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Clark v. Sears

Supreme Court of Arizona

December 23, 1940

LYLE K. CLARK, as Special Administrator of the Estate of J. M. (MARION) SEARS, Deceased; ELLA SEARS KAY, Administratrix With the Will Annexed of the Estate of J. M. (MARION) SEARS, Substituted, Appellants,
ALMA GRACE SEARS, and ALMA GRACE SEARS, as Executrix of the Estate of W. P. (PERRY) SEARS, Deceased, Appellee

APPEAL from a judgment of the Superior Court of the County of Maricopa. Arthur T. LaPrade, Judge. Judgment affirmed.

Mr. Allen K. Perry and Mr. F. L. Zimmerman, for Appellants.

Messrs. Baker & Whitney, Mr. Lawrence L. Howe, and Messrs. Phillips, Holzworth & Phillips, for Appellee.


[56 Ariz. 405] LOCKWOOD, J.

This action was originally commenced by Lyle K. Clark as special administrator of the estate of Marion Sears, deceased, and later Ella Sears Kay was substituted as administratrix. Alma Grace Sears was defendant in her individual capacity and also as executrix of the will of Perry Sears, deceased. The action was one for an accounting and to recover for an alleged conversion committed by Perry Sears and his wife, Alma Grace Sears. A motion for judgment on the pleadings was made by defendant in her capacity as executrix, on the ground that the complaint failed to show that at the time any creditor's claim had been filed in the estate of Perry Sears relating to the subject matter in controversy in the present action, which motion was duly granted, and the case came on for trial against defendant in her individual capacity. Judgment was rendered in her favor, and after a motion for new trial was denied, this appeal was taken.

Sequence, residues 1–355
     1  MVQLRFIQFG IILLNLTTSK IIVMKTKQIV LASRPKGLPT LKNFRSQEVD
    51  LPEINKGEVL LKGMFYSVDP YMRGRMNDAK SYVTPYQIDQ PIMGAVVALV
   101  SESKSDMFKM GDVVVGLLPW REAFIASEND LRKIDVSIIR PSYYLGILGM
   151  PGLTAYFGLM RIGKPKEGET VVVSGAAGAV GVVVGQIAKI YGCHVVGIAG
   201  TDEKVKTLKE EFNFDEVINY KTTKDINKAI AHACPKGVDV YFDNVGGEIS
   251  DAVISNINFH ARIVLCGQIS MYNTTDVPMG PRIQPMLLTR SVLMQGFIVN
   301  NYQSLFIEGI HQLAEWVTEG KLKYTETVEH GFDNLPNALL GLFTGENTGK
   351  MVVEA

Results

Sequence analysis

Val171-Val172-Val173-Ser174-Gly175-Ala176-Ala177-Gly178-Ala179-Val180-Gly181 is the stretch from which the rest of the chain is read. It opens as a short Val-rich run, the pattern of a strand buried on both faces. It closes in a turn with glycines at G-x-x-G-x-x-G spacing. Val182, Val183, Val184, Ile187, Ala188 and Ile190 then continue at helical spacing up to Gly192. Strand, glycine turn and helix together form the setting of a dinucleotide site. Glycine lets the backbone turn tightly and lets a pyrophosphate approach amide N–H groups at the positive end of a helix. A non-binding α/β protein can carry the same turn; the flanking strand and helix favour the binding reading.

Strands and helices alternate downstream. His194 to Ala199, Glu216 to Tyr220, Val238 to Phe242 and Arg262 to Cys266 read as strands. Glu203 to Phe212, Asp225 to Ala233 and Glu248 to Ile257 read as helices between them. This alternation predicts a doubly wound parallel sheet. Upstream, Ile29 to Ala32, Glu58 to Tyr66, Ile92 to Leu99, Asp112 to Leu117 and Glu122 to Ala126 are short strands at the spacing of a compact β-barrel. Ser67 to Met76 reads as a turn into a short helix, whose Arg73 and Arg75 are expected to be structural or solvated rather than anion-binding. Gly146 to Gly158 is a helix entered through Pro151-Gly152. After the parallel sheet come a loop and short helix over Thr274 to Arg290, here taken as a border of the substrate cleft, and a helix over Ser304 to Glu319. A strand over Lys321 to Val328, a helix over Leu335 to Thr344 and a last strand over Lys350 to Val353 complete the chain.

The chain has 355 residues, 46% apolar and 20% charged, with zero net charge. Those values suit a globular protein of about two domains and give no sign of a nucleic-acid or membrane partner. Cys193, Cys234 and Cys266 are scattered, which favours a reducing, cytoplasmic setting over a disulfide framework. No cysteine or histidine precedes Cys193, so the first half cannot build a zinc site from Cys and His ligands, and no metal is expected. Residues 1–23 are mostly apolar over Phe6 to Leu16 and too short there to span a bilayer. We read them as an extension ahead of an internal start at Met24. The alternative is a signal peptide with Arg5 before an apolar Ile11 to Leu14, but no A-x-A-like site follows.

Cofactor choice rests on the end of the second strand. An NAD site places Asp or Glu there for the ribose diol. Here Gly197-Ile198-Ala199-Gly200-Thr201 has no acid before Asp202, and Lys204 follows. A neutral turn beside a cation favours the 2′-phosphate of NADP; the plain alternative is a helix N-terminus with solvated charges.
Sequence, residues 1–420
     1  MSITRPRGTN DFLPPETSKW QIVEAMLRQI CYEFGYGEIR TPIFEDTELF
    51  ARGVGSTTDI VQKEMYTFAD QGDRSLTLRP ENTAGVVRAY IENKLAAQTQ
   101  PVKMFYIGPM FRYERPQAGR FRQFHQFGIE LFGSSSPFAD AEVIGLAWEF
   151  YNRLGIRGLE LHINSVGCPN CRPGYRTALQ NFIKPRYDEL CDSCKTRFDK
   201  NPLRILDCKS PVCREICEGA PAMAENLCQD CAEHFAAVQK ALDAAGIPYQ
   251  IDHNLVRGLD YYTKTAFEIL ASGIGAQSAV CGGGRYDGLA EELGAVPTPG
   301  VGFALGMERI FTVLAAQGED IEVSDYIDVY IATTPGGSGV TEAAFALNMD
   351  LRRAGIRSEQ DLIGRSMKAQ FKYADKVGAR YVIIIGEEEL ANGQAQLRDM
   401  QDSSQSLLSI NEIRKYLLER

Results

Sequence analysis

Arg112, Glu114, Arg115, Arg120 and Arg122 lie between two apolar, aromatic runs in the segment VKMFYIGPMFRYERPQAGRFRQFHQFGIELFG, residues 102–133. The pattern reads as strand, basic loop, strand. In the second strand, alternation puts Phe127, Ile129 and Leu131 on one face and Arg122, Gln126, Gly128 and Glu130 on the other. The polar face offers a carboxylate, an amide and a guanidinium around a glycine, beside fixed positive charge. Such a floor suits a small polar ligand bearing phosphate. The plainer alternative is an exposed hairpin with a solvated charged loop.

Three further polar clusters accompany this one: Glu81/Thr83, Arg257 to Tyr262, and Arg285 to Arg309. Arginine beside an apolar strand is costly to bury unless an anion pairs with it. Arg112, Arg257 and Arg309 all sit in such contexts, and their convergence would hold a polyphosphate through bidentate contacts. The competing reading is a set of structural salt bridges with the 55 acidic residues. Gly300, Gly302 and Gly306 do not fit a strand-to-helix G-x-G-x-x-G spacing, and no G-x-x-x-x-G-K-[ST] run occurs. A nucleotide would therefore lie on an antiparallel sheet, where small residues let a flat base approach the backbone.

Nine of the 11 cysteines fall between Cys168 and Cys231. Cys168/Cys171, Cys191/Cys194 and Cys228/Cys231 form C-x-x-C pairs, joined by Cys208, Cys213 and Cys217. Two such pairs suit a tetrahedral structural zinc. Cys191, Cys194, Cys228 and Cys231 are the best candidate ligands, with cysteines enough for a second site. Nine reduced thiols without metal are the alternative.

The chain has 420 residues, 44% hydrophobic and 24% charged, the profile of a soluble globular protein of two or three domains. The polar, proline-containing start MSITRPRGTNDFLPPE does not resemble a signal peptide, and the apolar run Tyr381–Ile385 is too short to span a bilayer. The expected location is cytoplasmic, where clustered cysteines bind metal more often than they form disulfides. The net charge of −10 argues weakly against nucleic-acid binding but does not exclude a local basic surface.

The action was based on the theory that defendant and Perry Sears as individuals had misappropriated certain funds belonging to Marion Sears, for which they were responsible to his estate. This misappropriation, according to the complaint, amounted to $3,887.55. There are only two questions to be determined on this appeal, and they are, (a) does the failure to file a creditor's claim against the estate of Perry Sears bar plaintiff from maintaining an action against defendant as executrix, where it is not sought to trace the alleged trust funds misappropriated, and when the relief asked for is a money judgment, and (b) did plaintiff show by a preponderance of evidence [56 Ariz. 406] that defendant, in her individual capacity, actually received funds belonging to Marion Sears and converted the same to her own use. We consider these questions separately.

It is apparent from the record that plaintiff did not seek to impress a trust upon any funds in the hands of defendant as executrix, nor to earmark any part of the Perry Sears estate as consisting of the alleged misappropriated funds. The question is whether under such circumstances it was necessary to file a creditor's claim. We have had a situation almost identical in its factual and legal issues presented to us in the case of Latham v. McClenny, 36 Ariz. 337, 285 P. 684, 685. In that case we said: